Federal Court Rules in Myriad: Genes Still Patentable in Australia

In the landmark Australian case, Cancer Voices Australia (ABN 93 322 703 427) & Anor v Myriad Genetics Inc & Ors the Federal Court of Australia has today found that patent claims directed to the gene BRCA1 (which has been found to exhibit particular mutations in women with an enhanced risk of developing breast and ovarian cancer) are valid.

Costs have been awarded against patient advocacy group Cancer Voices Australia, and breast cancer survivor Yvonne D’Arcy.

The decision affirms the existing position in Australia that isolated genetic material is patentable subject matter (i.e. a ‘manner of manufacture’).

The patent in question is the Australian equivalent of the US patent held by Myriad Genetics that concerned BRCA1 and BRCA2. In July 2011, the US Court of Appeals for the Federal Circuit (CAFC) ruled that patent claims directed to DNA molecules that are ‘isolated’ cover subject matter capable of patent-eligible protection under 35 USC §101 (which is the US equivalent to the “manner of manufacture” requirements under Australian law). In essence, the CAFC viewed that the claimed molecules in question “do not exist in nature.” Today’s judgement affirms the Australian position is in line with that of the United States.

Prior to today’s decision, the position in Australia regarding the patentability of genes is based largely on the 1995 decision by the Australian Patent Office (IP Australia) in Kirin-Amgen Inc v Board of Regents of University of Washington. In this it was held that a claimed isolated gene can essentially constitute an “artificially created state of affairs” that is not “a mere chemical curiosity or a mere discovery” and is therefore capable of satisfying the requisite considerations of being in itself a “manner of manufacture” under patent law to ensure it is worthy of patent protection.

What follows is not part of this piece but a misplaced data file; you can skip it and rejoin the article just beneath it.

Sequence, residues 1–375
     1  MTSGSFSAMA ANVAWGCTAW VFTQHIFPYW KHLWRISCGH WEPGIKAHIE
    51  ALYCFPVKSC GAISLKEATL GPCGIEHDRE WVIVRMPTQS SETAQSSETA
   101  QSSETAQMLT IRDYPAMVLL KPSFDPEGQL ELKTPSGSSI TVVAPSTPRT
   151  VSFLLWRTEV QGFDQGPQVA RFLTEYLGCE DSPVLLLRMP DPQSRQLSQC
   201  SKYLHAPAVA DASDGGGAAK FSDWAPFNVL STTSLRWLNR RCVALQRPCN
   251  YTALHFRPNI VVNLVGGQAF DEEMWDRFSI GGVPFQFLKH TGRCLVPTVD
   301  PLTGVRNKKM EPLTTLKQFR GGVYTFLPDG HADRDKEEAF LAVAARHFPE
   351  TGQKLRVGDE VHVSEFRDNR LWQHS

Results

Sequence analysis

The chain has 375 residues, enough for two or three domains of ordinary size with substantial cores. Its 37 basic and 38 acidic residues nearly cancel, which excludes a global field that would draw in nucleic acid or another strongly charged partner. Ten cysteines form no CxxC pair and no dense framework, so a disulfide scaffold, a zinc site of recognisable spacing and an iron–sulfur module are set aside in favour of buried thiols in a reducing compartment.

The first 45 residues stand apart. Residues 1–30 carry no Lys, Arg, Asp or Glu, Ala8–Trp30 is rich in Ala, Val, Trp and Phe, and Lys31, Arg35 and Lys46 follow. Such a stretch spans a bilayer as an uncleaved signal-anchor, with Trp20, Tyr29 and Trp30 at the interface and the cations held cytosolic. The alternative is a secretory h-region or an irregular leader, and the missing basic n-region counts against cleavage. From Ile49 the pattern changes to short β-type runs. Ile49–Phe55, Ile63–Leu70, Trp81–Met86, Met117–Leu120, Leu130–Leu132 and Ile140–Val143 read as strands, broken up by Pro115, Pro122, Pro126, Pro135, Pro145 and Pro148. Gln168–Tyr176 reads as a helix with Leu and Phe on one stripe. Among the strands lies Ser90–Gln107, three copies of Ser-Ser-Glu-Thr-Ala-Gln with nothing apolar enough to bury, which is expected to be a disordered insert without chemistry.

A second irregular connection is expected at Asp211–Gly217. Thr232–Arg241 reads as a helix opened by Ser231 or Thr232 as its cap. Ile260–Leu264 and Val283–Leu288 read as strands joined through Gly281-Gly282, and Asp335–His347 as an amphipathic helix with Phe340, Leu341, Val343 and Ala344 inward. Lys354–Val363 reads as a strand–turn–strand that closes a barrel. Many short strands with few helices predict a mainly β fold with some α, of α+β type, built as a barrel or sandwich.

At appeal, the Federal Court of Australia further held the view that the isolation of a gene is fundamentally akin to the discovery of a class of chemical compounds, and by analogy, entitles the patentee to broad protection for genes and the products related to those specifically isolated genes. Accordingly, provided that the applicant can point to some difficulty in reaching a particular result, isolated genes and any biological or genetic material derived therefrom were considered subject matter worthy of patent protection.

In the intervening period between the 1995 decision and today’s judgement, there were a number of government inquiries to review Australia’s position on intellectual property rights relating to biological materials. A discussion of the inquiries and previous decisions can be found here: http://www.nature.com/nbt/journal/v30/n4/full/nbt.2173.html

The text of the judgement will be made available later today.